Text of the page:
*I received this book from the publisher in exchange for an honest review.*
Title: The Broken Places
Author: Frances Peck
Publisher: NeWest Press
Publication Date: April 2022
Vancouver. A day like any other. Kyle, a successful cosmetic surgeon, is punishing himself with a sprint up a mountain. Charlotte, wife of a tech tycoon, is combing the farm belt for local cheese and a sense of purpose. Back in the city their families go about their business: landscaping, negotiating deals, skipping school. It’s a day like any other—until suddenly it’s not.
When the earthquake hits, the city erupts in chaos and fear. Kyle’s and Charlotte’s families, along with two passersby, are thrown together in an oceanfront mansion. The conflicts that beset these wildly different people expose the fault lines beneath their relationships, as they question everything in an effort to survive and reunite with their loved ones stranded outside the city.
Wow! What a thrill of a read from debut author Frances’s Peck (can you believe this is a debut novel?!). Set in Vancouver and told from various perspectives, The Broken Places chronicles an earthquake that destroys the city in unimaginable ways. Fault lines are exposed, both geographically and relationally amongst the characters as this time of stress throes the world, and everything these characters know, into chaos. At the heart of it all is the voice of an artist, clearly a witness to the destruction, but a common thread that underlies all of the fear, the death, the destruction, and the rebirth.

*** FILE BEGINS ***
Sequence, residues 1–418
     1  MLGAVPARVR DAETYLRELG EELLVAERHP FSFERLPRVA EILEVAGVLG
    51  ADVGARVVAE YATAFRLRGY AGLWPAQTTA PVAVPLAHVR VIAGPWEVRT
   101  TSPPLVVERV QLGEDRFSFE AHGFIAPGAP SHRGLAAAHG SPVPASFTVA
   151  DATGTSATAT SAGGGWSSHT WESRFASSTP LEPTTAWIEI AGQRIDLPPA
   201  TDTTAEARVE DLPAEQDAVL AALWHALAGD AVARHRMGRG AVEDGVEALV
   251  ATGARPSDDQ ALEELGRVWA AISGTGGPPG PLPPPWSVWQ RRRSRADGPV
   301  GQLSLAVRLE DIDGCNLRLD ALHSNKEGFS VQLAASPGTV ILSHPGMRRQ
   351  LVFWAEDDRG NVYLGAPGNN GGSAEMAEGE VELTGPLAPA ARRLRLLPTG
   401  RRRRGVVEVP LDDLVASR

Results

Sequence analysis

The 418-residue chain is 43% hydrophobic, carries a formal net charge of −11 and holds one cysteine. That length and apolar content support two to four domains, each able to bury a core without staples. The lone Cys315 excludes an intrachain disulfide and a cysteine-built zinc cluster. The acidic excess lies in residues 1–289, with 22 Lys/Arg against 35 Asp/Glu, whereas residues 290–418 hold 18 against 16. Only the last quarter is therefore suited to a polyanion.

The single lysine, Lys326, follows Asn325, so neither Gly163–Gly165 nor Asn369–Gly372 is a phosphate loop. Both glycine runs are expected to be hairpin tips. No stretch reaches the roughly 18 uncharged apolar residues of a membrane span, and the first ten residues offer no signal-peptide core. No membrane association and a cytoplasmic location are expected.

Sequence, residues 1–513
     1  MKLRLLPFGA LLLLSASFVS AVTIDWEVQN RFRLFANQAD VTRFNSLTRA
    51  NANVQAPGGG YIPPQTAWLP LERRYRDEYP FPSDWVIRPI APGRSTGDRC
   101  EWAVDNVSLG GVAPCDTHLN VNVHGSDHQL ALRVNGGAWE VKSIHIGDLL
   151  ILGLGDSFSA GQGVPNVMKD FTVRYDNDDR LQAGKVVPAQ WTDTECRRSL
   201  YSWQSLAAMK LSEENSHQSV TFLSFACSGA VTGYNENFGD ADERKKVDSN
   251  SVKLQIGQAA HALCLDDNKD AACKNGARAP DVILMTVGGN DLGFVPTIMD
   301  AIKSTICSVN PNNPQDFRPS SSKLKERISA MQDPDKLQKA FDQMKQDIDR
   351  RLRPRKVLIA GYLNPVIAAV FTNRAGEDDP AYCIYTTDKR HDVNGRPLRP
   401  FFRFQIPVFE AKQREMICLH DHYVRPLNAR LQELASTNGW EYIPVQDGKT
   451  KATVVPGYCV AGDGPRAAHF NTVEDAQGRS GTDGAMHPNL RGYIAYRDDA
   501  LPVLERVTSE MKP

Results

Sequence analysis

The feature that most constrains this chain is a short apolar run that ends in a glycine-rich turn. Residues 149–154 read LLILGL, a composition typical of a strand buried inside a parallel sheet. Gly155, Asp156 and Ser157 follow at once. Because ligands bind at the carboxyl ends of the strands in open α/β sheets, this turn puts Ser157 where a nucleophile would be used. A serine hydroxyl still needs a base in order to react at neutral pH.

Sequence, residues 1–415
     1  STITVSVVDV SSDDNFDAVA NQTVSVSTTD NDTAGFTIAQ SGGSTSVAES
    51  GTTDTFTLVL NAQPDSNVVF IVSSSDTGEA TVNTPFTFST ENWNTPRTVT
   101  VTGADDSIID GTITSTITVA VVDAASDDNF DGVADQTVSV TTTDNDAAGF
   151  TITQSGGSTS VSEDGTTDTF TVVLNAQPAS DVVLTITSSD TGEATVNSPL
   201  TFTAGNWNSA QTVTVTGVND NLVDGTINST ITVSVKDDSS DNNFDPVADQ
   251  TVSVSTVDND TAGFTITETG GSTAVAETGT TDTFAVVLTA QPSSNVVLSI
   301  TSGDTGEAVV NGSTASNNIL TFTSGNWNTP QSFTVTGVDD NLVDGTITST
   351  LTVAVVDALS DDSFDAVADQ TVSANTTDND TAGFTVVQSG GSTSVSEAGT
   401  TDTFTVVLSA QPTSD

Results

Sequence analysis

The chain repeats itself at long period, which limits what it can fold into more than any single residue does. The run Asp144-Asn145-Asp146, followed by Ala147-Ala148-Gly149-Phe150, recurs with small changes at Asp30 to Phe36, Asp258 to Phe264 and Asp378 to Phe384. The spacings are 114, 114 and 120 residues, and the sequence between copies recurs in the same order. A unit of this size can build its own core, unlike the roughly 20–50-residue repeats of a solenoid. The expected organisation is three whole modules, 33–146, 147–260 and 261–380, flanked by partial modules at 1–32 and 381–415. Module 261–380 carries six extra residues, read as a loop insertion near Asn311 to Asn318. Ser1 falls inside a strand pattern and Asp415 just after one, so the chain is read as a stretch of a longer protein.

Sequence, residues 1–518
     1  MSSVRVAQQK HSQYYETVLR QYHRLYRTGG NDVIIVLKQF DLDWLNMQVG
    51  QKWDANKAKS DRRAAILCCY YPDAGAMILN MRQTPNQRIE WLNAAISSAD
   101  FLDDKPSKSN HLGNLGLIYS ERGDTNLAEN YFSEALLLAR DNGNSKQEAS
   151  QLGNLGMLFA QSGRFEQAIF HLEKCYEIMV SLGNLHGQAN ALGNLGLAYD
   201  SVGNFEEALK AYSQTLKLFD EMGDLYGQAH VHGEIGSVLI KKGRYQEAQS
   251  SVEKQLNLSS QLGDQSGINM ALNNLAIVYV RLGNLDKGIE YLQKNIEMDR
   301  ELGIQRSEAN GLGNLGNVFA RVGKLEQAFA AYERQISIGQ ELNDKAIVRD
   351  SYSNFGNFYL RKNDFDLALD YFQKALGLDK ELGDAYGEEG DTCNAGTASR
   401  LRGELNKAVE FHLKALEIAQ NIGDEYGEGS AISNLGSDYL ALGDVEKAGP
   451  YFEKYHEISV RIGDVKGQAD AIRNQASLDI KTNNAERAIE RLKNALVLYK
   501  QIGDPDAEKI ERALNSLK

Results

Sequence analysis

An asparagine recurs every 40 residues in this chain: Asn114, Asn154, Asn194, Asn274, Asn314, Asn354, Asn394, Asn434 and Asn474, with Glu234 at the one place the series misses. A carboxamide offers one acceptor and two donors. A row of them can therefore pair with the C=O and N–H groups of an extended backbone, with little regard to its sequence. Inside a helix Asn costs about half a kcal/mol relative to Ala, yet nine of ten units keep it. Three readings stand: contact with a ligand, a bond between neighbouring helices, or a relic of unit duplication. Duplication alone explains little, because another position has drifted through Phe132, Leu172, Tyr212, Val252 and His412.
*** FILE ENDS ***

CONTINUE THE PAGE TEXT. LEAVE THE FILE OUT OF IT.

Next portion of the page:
As soon as I picked up this book, I was hooked. I’m absolutely in awe to read such a magnetic and bursting debut novel. Peck’s writing style is absolutely gripping and electrifying. Her characters are each so strikingly unique and starkly defined in their personalities, they seem to leap right off the page. They are deeply flawed, seemingly beyond repair, yet somehow they can be redeemed in that they are human and imperfect and prone to making the worst decisions possible, particularly in the heat of crisis. There is no perfection here, only absolute truth and visceral honesty.
In the midst of disaster, Peck seeks to expose humanity for it’s beauty and flaws, its highs and lows. Each character is forced to confront their past, present, and unknown future, untangling their truths and acknowledging their mistakes to seek to uncover the way forward. The earthquake is the catalyst for each of them to face self-reflection. There is no hiding amidst the fear of the unknown. They face death and uncertainty head on, and only then can they begin to move forward.
An excellent and compelling read, I would highly recommend this new voice in the Canadian literature landscape.